Effective cross-directorate co-ordination can ensure a joined-up response in fragile contexts. In October 2022, the MFA reverted to two separate directorates (International Affairs and Policy and for Development Co-operation). The MFA will need to adapt its working methods to this new setting to ensure coherence across humanitarian assistance (managed by the International Affairs and Policy Directorate) and development co-operation (managed by the Development Co-operation Directorate), as well as in bilateral and multilateral partnerships.

Iceland should design a fit-for-purpose, results-based management system; its high-quality evaluations should be timed to inform future programming and promote learning across the MFA. The new development policy is a unique opportunity to introduce a streamlined system to track Iceland’s impact and results, from output to impact, across its entire development co-operation policy (multilateral, bilateral and humanitarian efforts, and its various partnerships). Iceland’s high-quality evaluations are a key component of its decision-making process. The evaluation plan should ensure that they are well-timed to inform policy and programming, and the programme design stage should build-in systematic consultation of existing evaluations.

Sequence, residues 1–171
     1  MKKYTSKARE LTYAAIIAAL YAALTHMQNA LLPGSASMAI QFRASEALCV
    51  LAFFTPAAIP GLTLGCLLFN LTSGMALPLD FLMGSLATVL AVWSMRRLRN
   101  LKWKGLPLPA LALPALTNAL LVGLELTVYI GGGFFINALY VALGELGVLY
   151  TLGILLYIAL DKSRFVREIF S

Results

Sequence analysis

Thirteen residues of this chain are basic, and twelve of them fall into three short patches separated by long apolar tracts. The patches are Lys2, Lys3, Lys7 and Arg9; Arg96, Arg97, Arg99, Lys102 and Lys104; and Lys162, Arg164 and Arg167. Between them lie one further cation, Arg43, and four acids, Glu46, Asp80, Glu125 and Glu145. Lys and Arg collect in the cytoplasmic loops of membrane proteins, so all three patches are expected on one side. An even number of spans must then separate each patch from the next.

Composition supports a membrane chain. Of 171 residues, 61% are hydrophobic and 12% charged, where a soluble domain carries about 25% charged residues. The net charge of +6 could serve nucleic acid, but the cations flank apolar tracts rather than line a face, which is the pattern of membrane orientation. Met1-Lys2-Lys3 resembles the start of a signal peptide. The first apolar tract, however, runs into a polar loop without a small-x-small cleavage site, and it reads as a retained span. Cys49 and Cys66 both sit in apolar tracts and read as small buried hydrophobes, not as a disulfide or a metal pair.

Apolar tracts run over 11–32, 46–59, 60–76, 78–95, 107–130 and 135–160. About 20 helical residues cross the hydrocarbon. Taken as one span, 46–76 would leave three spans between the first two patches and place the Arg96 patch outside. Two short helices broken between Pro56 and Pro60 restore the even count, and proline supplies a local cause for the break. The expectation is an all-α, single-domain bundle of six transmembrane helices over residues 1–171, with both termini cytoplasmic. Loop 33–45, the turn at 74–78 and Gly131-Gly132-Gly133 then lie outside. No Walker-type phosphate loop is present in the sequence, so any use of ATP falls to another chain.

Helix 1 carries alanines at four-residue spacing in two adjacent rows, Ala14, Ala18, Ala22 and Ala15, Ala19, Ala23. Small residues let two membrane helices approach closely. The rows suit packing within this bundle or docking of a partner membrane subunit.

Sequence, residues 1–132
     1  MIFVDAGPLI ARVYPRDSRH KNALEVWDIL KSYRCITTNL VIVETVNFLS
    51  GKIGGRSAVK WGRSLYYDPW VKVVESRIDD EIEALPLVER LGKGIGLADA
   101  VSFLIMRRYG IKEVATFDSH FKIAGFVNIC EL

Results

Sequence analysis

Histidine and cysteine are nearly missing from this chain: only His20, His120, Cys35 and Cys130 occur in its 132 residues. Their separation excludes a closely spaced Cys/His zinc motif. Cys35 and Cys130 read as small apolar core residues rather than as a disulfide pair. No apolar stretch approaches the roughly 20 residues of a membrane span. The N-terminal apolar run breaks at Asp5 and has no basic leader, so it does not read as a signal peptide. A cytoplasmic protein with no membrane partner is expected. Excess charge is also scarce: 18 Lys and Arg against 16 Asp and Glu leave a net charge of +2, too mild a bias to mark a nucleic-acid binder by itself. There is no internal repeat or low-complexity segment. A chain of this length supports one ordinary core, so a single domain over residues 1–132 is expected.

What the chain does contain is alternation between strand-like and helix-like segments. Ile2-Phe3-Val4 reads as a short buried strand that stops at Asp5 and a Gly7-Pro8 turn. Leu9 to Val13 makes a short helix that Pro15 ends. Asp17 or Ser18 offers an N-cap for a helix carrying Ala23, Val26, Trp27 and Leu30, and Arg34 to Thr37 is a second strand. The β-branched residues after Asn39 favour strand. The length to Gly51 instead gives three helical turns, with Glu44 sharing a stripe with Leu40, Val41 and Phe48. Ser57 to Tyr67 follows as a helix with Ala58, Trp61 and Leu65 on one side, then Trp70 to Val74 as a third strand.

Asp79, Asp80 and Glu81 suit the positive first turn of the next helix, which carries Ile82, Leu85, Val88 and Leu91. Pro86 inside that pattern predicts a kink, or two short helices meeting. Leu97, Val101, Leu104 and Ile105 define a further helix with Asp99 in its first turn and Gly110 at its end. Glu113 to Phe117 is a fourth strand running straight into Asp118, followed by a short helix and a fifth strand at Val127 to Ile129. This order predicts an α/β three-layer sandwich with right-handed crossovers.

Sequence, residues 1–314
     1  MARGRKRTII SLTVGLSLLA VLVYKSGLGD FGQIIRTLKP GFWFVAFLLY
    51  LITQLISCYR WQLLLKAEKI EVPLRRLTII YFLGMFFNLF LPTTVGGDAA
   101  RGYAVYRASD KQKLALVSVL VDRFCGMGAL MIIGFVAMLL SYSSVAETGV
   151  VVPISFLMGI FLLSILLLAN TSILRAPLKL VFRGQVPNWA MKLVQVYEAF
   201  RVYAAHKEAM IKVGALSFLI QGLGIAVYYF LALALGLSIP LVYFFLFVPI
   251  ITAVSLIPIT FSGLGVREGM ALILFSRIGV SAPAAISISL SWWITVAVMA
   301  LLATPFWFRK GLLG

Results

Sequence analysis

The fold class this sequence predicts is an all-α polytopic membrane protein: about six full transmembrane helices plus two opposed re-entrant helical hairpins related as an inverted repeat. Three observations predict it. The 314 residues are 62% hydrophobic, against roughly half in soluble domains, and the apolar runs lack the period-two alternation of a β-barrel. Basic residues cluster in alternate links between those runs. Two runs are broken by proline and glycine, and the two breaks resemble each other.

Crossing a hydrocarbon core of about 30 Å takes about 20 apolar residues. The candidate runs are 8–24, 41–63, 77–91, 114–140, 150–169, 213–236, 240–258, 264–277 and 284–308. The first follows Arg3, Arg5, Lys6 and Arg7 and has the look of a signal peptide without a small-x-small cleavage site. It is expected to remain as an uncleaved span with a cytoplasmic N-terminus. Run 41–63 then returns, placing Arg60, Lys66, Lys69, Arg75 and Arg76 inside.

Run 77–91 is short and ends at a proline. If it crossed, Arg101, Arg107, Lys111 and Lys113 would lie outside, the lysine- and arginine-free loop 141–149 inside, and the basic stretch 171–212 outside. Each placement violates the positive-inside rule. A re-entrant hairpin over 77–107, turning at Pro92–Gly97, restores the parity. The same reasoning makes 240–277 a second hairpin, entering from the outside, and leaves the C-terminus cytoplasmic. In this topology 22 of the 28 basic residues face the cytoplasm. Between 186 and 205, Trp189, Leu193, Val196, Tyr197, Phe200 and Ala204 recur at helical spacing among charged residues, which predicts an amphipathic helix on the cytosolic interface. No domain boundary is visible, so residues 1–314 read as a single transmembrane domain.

A partner-led, poverty-focused and long-term approach delivers results; updated country strategies could more systematically build in sustainability, fragility analyses and a results framework. Iceland upholds its commitment to country ownership through capacity building and the use of country systems. This is reinforced by robust financial reporting for its district-level approach, which improves rural livelihoods in some of the poorest and hardest-to-reach districts in Malawi and Uganda. As Iceland prepares to expand its co-operation to other districts, it could further embed sustainability in country strategies and systematically work with national authorities, district councils and other development partners to drive a more strategic approach across its country programs. Iceland’s presence in Sierra Leone makes it especially important for Iceland’s programming to reflect conflict-sensitivity and fragility.